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Intel Machines

Performance of the original port of the parallel code from the Mark IIIfp to a 64-processor iPSC/860 hypercube, while adequate, was below expectations based on the 4:1 ratio of 64-bit floating-point peak speeds. Moreover, initial runs on up to 512 nodes of the Delta  indicated very poor speedups. Timings at the subroutine level revealed that an excessive amount of time was being spent both in matrix multiplication and in construction of the distributed transformation matrix. Optimization is still in progress, and performance is still a small fraction of the machine's peak speed, but some improvements have been made.

Several steps were taken to improve the matrix multiplication. Blocking sends and receives were replaced with asynchronous NX routines, overlapping communication with computation; the absolute number of communications was reduced by grouping together small data blocks and by computing rather than communicating block sizes; one of the matrices was transposed in order to maximize the length of the innermost loop; and finally, the inner loop was replaced with a level-one BLAS  call. Presently the floating-point work proceeds at 7 to , including loop overhead, depending on problem size. On the iPSC/860, throughput for the subroutine as a whole is generally limited by communication bandwidth  to approximately . We expect to increase this by better matching the sizes of the two matrices being multiplied, which will require minor modifications in the top-level routine. Higher throughput, approximately , is obtained on the Delta. Further improvement is certainly possible, but communication overhead on the Delta is already below 10% for the application as a whole, and matrix multiplication time is no longer a major limitation.

Reducing the time spent in constructing the transformation matrix proved to be a matter of removing index computations in the innermost loops. In the original implementation, integer modulo arithmetic was used on each call to determine the local components of the transformation matrix. This form of parallel overhead proved surprisingly costly. It was essentially eliminated by precomputing and storing three lists of pointers to the data elements needed locally. These pointers are used for indirect indexing of elements needed in a vector-vector outer product, which now runs at approximately . (Preceding the outer product with an explicit gather using the same pointers was tested, but proved counterproductive.) A BLAS  call (daxpy), timed at 13.1 to for typical cases, was inserted elsewhere. Construction of the transformation matrices is now typically 1% of the total time, with throughput, including all logic and integer arithmetic as overhead, around .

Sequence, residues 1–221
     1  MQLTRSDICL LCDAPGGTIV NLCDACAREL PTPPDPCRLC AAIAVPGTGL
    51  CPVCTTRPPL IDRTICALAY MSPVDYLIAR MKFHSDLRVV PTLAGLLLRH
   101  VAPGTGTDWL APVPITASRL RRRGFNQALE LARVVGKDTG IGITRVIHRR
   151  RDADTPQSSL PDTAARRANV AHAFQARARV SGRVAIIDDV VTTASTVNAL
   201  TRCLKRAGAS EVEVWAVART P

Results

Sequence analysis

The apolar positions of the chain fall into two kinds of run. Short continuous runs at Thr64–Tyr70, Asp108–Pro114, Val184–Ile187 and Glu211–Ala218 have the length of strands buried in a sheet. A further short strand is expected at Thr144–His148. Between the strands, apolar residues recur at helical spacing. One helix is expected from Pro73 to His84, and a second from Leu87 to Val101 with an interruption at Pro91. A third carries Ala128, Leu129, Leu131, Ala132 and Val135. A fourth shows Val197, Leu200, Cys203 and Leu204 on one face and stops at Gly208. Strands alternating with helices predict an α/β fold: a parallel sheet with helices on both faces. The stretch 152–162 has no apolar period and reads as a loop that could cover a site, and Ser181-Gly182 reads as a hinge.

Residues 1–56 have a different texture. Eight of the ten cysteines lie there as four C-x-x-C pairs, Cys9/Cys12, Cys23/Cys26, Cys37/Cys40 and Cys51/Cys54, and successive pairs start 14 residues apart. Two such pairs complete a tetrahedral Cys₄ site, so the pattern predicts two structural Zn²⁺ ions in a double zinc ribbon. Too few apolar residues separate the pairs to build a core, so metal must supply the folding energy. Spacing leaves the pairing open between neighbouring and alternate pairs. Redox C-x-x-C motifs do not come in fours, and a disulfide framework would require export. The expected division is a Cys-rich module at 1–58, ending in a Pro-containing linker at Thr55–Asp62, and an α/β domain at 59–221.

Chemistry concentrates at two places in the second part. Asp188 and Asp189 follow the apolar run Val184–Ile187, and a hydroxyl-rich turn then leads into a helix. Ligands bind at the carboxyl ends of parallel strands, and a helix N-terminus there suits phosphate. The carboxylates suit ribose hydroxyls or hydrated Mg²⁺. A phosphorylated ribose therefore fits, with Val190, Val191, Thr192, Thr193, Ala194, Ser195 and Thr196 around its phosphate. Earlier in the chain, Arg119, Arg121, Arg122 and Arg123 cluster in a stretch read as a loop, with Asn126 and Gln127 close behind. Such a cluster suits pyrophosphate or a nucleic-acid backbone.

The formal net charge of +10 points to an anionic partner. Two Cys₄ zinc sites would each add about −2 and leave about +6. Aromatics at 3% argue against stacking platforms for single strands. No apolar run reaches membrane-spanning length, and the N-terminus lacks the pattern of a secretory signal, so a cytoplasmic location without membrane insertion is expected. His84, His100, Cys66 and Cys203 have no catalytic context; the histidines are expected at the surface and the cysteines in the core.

Table 8.6: SMC Performance on the Delta (MFLOPS)

In the present state of the program, the perfectly parallel integral-calculation step is the dominant element in most of our calculations, as desired and expected based on the amount of floating-point work. It is also the most complex step, however, with little linear algebra but with many math library calls (sin, cos, exp, sqrt), floating-point divides, and branches. Not surprisingly, therefore, it is comparatively slow. We have timed the CRAY version at on a single-processor Y-MP, reflecting the routine's intrinsically scalar character. Present performance on the i860 is about . Some additional optimization is planned, but substantial improvement may have to await more mature versions of the compiler and libraries.

Figure 8.10: Calculated Integral Elastic Cross Sections for Electron Scattering by the CH Isomers Cyclopropane and Propylene. For comparison, experimental total cross sections of Refs. [Floeder:85a] (open symbols) and [Nishimura:91a] (filled symbols) are shown; triangles are cyclopropane and circles propylene data.

With the program components as described above, the present code should run on 512 nodes of the Delta at a sustained rate of approximately . In practice, lower performance is obtained, due to synchronization delays, load imbalance, file I/O,  etc. Actual timings taken from 64- to 512-node production runs are given in Table 8.6. The limited data available for the integral-evaluation package reflects the difficulty of obtaining an accurate operation count; for the case shown, a count was obtained using flow-tracing utilities on a CRAY. For the ``large'' case shown in the table, we estimate overall performance at , inclusive of all I/O and overhead, on 512 nodes of the Delta; this estimate is based on an approximate operation count for the integral package and actual counts for the remaining routines.

next up previous contents index
Next: 8.3.5 Selected Results Up: 8.3.4 Performance Previous: Mark IIIfp

Guy Robinson
Wed Mar 1 10:19:35 EST 1995